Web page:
Crimes of Fashion. August 2015.

Dear Rowley,

I have an immense amount of respect for the fashion industry. It employs millions, makes billions, gives people pleasure and ostensibly makes the world a prettier place. Fashion was still a relatively small, closed world when I first became a style correspondent for the nationals in my early twenties. The biannual collections seemed so vitally important and impressive in the 90s.

I was just in time to interview the greats Yves Saint Laurent, Emanuel Ungaro and Gianfranco Ferre. Though I only attended a handful of Paris couture seasons I’ll never forget the real supermodels Linda, Christie, Naomi and Tatjana pounding the Versace catwalk – built over the swimming pool at the Paris Ritz –  to the soundtrack penned by Elton John in which old Wig Out belted ‘Versaaaaaaaacheah’ to a jungle beat.

Comparing the fashion industry today with the twilight of the couturiers is like comparing the Hollywood of Gone With The Wind, The Wizard of Oz and Now Voyager with the era of Pixar, Ant-Man and mindless sequels. I’d have said then there were twenty star designers worldwide who could dictate the fashion.

Fashion is on my mind because, while flicking through the September issues, I was struck by the ineffable hideousness of Gucci’s Fall/Winter 2015 collection: Ugly Betty meets Ali MacGraw in a second hand store circa 1974. One poor model was put in what looked like a coat cut from a curry house loo’s curtains, a gormless South Park b0bble hat, lesbian librarian flat shoes and Deidre Barlow spectacles.

The entire collection was a study in geeky ugly chic that has earned Miuccia Prada her millions ever since she decided to make clothing designed to assault the female form. Even British Vogue didn’t both to hide their opinion that this season’s fashions are about as appealing as anthrax. So deliberately loud, coarse and weirdly shaped are these clothes that only the clinically insane could call them anything but car crash fashion.

To me fashion reached a peak in the 1950s when the masters Balenciaga, Dior and Givenchy made sublime couture shot by Avedon and Penn on goddesses such as Dorian Leigh, Suzy Parker and Dovima. So when I see weaselly little Cara Delevingne touted as the beauty de nos jour sticking her tongue out and posting cross-eyed selfies I hang my head in despair.

I would pay good money to hear what Anna Wintour really thinks about the heinous clothes she has to promote this season? She, like anyone over twenty with a brain, has found the uniform that works for her and she never wavers from one season to the next: a decent dress, Manolos, fabulous necklaces, that bob and those shades.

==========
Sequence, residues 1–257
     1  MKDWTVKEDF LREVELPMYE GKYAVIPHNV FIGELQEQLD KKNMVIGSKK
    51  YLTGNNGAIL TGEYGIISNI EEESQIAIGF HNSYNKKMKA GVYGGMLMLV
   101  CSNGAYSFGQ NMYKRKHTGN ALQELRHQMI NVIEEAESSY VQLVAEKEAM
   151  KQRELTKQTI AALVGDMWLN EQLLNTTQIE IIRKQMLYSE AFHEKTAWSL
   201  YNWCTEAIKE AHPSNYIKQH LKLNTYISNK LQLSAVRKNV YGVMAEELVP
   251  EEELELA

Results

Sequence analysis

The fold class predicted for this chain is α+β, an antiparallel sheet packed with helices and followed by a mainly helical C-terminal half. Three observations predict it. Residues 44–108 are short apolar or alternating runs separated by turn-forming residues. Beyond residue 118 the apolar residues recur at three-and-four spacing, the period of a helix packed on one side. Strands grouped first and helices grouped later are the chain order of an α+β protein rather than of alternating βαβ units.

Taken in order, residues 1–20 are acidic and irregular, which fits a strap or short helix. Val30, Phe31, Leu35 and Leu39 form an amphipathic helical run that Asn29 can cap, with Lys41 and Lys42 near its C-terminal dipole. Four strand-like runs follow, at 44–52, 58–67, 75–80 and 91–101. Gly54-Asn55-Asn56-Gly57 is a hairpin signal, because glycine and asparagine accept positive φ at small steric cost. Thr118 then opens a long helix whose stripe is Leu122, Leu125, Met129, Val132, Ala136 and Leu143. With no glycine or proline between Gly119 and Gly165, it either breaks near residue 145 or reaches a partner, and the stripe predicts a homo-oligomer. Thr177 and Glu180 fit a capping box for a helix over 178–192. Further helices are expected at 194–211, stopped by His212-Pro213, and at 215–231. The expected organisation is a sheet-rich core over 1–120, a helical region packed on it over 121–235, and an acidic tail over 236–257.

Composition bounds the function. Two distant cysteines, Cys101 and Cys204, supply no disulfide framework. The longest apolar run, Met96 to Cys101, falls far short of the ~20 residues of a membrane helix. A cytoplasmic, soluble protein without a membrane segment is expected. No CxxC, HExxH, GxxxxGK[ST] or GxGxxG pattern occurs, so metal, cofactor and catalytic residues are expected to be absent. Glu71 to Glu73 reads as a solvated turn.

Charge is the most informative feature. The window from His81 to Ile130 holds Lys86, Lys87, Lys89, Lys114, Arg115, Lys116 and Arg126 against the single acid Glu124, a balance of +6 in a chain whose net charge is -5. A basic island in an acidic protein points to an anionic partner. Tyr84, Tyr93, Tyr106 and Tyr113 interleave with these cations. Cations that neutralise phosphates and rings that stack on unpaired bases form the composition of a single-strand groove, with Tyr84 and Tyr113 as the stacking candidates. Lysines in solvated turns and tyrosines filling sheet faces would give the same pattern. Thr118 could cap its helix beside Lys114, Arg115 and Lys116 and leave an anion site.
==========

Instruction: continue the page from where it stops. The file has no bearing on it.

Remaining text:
You are not going to see Anna Wintour in one of Jeremy Scott’s Snoopy cartoon nightshirts, bobby socks and neon heels because she knows it would be an affront to age and dignity. The question is how the fashion industry manages to maintain a collective poker face when faced with fashion designs that make a mockery of style, grace and wit.

Perhaps the designers take the piss now so unashamedly because we all know nobody buys the clothes. They get loaned to Rita Ora for the night then forgotten. The big bucks are made selling the name on low-ticket items such as perfume. The fashion houses have a problem on their hands because we’re all in on the perfume con. It probably costs a penny a bottle to produce. It’s all about the marketing hence the popularity of celebrity scents by One Direction, Katy Perry, Taylor Swift et al.

Truly smart people bid a fond farewell to fashion at some point and grow out of it. I genuinely don’t want all those ‘must-have’ items just because they are branded. Brands are for cattle. The only true expression of exceptional taste for those who can afford it is the couture and bespoke tailoring. Creative people without the funds to buy couture or bespoke improvise. I remember interviewing Tom Ford and he asked if my £30 Chappell’s of Bond Street leather music case was Bottega Veneta.

At some point the world will wake-up to the fashion industry being a total con job. Presumably people buy into it to feel better about themselves and think fashion is a golden ticket to a more fabulous life. I suppose that’s a reasonable assumption but fail to see why a £10,000 Hermes Kelly bag is any more stylish or chic than one of Paxton & Whitfield’s recyclable canvas bags.

The only luxury items I would buy into wholesale given half the chance is fine jewellery. Jewellery signed by the great makers is a fabulous investment. It also becomes a part of the wearer unlike a handbag or a heel. You get bang for your buck and can always sell back at the same if not a higher price. You can’t say that about a Miu Miu muff now can you?

Rather in the spirit of Oscar Wilde talking about society, I half agree that the only people who criticise fashion are the ones who can’t get into it. Well, I did and spent the best part of fifteen years as a fashion writer. I got out of it slowly with a series of controlled explosions having never really fitted in in the first place. I wanted to work in the fashion industry I saw in Funny Face not The Devil Wears Prada.

While I remember to tell you, the lovely Brett from my Savoy days was in town and we had a Chatty Kathy at Rosewood London during which he invited me to the theatre. Ben Whishaw was appearing in something at the Almeida. Well, long story short it was a Greek tragedy. I’ll say! We had a wailing chorus and Mr Whishaw dressed as Vanessa Redgrave. It was awful. Life is to short for bad theatre.